Monday, January 01, 2007

Comments - Iron Raven

If you check the comment left on my last entry, you will see something from Bill Flemming. Bill is being a bit shy too - check:

I had known that there had been a local smith 'on site' during the construction of the Outlander 'viking village' set. Bill is the man!

For those wondering what Bill is talking about latter, I took a team from DARC to the Canadian national blacksmiths conference CANIRON V, which took place at Annapolis Royal NS just before Labour Day in 2005. We mounted a demonstration iron smelt using all Viking Age tools. One feature of that smelt was the use of a theoretical solution to an air delivery problem . Team member Kevin Jarbeau had constructed an extremely large version of what is considered the standard Norse double bellows. For the CANIRON demo, it was only our second use of this equipment. As with the first attempt with it, the smelt suffered a major air flow problem and resulting crash in temperatures about two hours into the sequence.

Our CANIRON host, Brad Allen, had tore off and ran back with a mile of electrical cord and this motor powered blower. This allowed us to swap out the historic bellows and get the smelt temperature back before the whole furnace froze up solid. I never did know who had loaned us the blower in al the confusion.

So thanks for the loan Bill!


For readers who wanted some more background on this particular sequence of 'all Norse' smelts:
First attempt and demo rehearsal (June 2005)
CANIRON demo attempt (August 2005)
Bonfield demo attempt (September 2006)
Check under the archive of this BLOG for:
Wednesday, September 06, 2006
Viking Age Smelt - September 2

To date we have not gotten this large bellows to perform correctly. For two 2005 smelts, we had to switch over to electric blowers at about the 2 hour mark. In June we did get a very nice VA styled bloom at about 7 lbs. The CANIRON smelt produced an unweighed lump of cast iron (latter stolen - but thats another story!).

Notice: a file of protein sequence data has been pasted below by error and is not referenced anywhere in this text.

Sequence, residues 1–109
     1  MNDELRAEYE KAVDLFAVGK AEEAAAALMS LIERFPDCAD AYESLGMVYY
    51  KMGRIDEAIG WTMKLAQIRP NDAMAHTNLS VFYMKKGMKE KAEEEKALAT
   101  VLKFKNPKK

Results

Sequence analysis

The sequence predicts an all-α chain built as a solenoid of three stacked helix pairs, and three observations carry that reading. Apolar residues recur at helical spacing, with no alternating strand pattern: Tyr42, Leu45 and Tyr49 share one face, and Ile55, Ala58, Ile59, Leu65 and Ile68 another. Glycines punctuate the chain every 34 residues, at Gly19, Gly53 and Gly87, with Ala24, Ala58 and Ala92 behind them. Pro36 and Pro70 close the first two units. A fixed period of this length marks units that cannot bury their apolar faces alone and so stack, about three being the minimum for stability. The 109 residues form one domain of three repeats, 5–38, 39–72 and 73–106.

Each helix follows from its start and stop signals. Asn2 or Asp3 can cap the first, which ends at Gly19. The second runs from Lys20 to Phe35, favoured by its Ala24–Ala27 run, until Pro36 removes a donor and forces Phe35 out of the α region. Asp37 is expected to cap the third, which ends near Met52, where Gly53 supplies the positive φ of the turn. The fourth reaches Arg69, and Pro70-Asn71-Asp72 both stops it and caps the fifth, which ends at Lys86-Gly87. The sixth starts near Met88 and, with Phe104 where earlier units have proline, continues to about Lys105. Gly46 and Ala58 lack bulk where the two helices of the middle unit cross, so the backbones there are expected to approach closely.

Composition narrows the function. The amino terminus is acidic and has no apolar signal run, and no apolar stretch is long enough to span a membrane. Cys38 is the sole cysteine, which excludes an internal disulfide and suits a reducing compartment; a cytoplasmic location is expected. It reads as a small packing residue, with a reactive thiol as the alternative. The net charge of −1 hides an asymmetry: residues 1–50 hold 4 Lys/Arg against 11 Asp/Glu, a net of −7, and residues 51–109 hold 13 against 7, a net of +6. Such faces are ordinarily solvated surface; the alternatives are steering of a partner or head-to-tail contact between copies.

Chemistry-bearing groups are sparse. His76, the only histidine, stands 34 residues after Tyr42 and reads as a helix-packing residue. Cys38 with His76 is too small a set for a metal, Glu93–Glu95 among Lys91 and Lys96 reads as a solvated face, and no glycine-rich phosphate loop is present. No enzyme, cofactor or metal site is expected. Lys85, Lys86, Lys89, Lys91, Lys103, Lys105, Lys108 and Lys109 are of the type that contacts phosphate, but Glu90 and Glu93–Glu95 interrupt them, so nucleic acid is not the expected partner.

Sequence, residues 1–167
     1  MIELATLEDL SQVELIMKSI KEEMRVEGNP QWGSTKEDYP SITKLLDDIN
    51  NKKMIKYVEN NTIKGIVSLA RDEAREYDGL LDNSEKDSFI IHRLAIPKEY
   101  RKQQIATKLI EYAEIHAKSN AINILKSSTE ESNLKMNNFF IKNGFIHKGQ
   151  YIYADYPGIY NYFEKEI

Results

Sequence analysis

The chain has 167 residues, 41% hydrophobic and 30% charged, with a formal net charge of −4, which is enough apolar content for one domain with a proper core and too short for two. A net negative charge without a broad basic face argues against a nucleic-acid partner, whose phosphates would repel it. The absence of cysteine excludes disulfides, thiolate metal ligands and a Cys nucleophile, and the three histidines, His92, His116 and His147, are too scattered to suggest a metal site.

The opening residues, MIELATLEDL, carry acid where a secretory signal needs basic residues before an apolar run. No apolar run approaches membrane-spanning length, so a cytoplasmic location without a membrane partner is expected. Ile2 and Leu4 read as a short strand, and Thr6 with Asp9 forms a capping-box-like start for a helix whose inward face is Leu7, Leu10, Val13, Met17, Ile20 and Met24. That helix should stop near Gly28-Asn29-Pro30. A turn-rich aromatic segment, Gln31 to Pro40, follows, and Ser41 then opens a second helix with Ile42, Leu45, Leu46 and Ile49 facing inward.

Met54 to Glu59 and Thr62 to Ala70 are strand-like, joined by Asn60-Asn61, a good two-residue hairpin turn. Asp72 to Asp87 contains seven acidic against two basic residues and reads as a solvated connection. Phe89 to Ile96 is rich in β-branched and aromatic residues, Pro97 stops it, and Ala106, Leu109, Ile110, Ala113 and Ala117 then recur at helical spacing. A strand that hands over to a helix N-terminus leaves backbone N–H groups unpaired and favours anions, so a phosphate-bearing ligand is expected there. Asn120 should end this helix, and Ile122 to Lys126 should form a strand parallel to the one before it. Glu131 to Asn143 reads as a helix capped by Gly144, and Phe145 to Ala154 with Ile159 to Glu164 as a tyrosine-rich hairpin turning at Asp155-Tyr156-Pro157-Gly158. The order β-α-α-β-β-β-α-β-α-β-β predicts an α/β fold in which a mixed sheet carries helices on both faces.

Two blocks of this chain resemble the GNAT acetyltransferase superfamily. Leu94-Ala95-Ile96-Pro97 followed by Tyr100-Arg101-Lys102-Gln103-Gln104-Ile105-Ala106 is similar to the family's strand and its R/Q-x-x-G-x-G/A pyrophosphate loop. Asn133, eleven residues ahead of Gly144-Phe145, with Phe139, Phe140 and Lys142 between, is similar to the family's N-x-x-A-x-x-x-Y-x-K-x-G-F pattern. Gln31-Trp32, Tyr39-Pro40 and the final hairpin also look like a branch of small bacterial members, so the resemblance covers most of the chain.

At the Bonfield smelt we were able (just barely) to employ the 'UbberBellows' for the entire sequence. Again the smelt product was cast iron.

For the first two smelts, the problem was with the internal valving system (or lack thereof) in the bellows. For the last smelt, at least a partial fix of the valves had been been made. At the Bonfield smelt, we allowed as many members of the crowd watching to take at hand at the bellows. In the end the variation in operators, coupled with a basic weakness in construction, resulted in breakage at the bellows hinges.

There is a discussion of WHY the 'UbberBellows' approach is being tested experimentally as part of my paper 'Adventures in Early Iron Smelting'. A version of the paper is available with illustrations ; HERE

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February 15 - May 15, 2012 : Supported by a Crafts Projects - Creation and Development Grant

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